To add to the many colloquial sayings mentioned already by @Peter and @Jocie, the very common, but perhaps for some speakers offensive, phrase:

It's pissing down

and the innocuous-sounding

It's pelting down

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    I've always heard "pelting down" solely for hail. For me, "pelting" implies being painfully hit with something, or hit in a way that might damage.
    – Deusovi
    Aug 22, 2016 at 23:39
  • It's probably a regional thing, in BrEng it is used for very heavy rain.
    – Mari-Lou A
    Aug 22, 2016 at 23:41
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    I believe the word "cliché" is now cliché, too... Aug 23, 2016 at 8:25
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    A personal fav of mine is: "I think a cloud crash landed" Sep 16, 2016 at 3:46
  • Just a note, in case visitors are wondering, Peter added "it's pissing down" in his answer after I had posted this suggestion.
    – Mari-Lou A
    Apr 19, 2017 at 14:32
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It entirely depends on where you are in the world, right down to the city. I'm from Lincolnshire in England and I have never heard anyone say "it's raining cats and dogs" without them being silly or making a joke.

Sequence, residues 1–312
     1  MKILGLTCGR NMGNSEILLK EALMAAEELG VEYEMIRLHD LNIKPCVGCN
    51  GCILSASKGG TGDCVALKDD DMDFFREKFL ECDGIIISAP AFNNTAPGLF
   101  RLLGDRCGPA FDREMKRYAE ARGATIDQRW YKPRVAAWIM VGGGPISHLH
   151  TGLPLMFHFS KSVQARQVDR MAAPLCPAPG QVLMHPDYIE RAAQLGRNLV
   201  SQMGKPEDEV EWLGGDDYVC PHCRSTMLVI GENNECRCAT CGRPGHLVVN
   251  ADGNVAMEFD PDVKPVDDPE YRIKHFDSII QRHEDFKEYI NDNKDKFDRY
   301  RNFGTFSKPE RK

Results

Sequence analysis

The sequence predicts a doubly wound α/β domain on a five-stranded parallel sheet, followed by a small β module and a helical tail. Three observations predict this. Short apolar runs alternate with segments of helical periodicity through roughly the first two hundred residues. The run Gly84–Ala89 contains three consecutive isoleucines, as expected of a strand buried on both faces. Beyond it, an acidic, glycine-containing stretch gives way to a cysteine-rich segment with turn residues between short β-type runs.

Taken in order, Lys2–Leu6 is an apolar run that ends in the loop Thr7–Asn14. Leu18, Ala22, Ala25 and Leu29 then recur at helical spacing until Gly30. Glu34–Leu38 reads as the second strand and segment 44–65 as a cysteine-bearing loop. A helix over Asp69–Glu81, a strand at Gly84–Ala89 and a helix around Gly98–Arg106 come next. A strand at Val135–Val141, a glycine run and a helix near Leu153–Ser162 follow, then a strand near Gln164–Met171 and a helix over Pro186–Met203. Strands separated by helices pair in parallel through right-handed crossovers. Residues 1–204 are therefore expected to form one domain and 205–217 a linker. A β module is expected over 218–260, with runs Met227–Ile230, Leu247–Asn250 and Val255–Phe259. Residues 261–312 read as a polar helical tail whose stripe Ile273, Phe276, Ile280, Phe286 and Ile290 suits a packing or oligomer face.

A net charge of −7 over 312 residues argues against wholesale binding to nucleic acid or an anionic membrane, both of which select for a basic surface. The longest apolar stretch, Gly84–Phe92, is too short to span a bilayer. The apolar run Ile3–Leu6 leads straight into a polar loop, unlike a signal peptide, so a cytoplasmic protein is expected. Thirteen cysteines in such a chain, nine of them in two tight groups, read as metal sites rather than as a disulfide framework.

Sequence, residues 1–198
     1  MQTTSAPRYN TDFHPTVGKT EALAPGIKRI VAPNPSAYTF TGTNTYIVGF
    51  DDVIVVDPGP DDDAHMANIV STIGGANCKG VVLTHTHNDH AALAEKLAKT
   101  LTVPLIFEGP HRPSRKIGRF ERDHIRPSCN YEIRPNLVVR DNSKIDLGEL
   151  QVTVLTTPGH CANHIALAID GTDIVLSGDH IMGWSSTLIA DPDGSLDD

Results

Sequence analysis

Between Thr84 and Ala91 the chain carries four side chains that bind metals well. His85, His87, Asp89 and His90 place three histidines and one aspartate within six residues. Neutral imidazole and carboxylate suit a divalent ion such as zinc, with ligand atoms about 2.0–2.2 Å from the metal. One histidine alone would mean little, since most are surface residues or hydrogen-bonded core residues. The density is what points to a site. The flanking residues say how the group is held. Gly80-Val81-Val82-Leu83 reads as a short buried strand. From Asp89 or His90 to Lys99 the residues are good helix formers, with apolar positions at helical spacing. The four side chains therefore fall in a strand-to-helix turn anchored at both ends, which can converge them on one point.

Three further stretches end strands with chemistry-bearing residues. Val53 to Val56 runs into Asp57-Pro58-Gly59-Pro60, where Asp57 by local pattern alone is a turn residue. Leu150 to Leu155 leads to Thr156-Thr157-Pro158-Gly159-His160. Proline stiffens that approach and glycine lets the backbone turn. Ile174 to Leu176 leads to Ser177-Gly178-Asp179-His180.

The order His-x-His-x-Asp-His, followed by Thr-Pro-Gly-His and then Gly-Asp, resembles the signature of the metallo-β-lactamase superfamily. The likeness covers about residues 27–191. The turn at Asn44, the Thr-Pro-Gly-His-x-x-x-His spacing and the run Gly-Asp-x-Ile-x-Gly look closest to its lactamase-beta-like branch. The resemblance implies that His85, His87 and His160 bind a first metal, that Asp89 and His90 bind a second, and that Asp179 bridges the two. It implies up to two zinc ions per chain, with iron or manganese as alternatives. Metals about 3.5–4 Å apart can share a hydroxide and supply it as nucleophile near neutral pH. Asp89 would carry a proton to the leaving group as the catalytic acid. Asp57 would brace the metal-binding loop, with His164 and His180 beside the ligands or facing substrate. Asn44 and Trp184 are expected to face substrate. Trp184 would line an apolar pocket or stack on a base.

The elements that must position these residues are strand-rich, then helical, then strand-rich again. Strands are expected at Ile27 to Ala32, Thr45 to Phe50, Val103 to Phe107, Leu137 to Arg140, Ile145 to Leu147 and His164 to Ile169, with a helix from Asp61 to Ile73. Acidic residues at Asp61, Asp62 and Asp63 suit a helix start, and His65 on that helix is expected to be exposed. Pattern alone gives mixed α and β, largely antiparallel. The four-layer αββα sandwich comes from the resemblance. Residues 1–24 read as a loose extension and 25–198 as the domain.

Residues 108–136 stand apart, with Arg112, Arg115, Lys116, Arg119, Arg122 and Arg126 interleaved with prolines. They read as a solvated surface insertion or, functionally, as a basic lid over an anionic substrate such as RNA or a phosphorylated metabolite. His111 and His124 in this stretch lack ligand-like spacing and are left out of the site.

Locally we'd say "it's chucking it down"

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    Does use of an idiom become less valid if it was intended to be humorous?
    – Gusdor
    Aug 22, 2016 at 11:59
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    Or (possibly Yorkshire dialect rather than pure Lincolnshire) "It's siling [with rain]". (Pronounced with a long "i" vowel, as in "eye"). From the Norse "sila", to pour something through a strainer, apparently.
    – alephzero
    Aug 22, 2016 at 12:37
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    +1 for the very local nature of these things - in NYC, "it's raining cats and dogs" is maybe a little old-fashioned, but that's all; "it's chucking it down" would not be understood at all.
    – stangdon
    Aug 22, 2016 at 12:47
  • @Gusdor Perhaps "joke" isn't the right word, more taking the mick out of the mid-20th century. Normally (again, in my experience) it would be voiced in a particular way (perhaps an older, Yorkshire/farmer-like accent, it's hard to describe in written form). To answer OPs question, "Is it old-fashioned", for my locale? Absolutely.
    – Vitani
    Aug 22, 2016 at 12:48
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    @alephzero I grew up in West Yorkshire and my parents still live there. Never heard "siling" in my life. Aug 22, 2016 at 22:01
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Yes, "cats and dogs" is still in use and almost all Americans will understand. There is also the airplane pilot's description of truly bad weather when driving a car: "It's IFR weather out there" (Instrument Flight Rules), meaning (jokingly) you can't see a dang thing through the windshield and you must use your car's oil pressure gauge to steer by.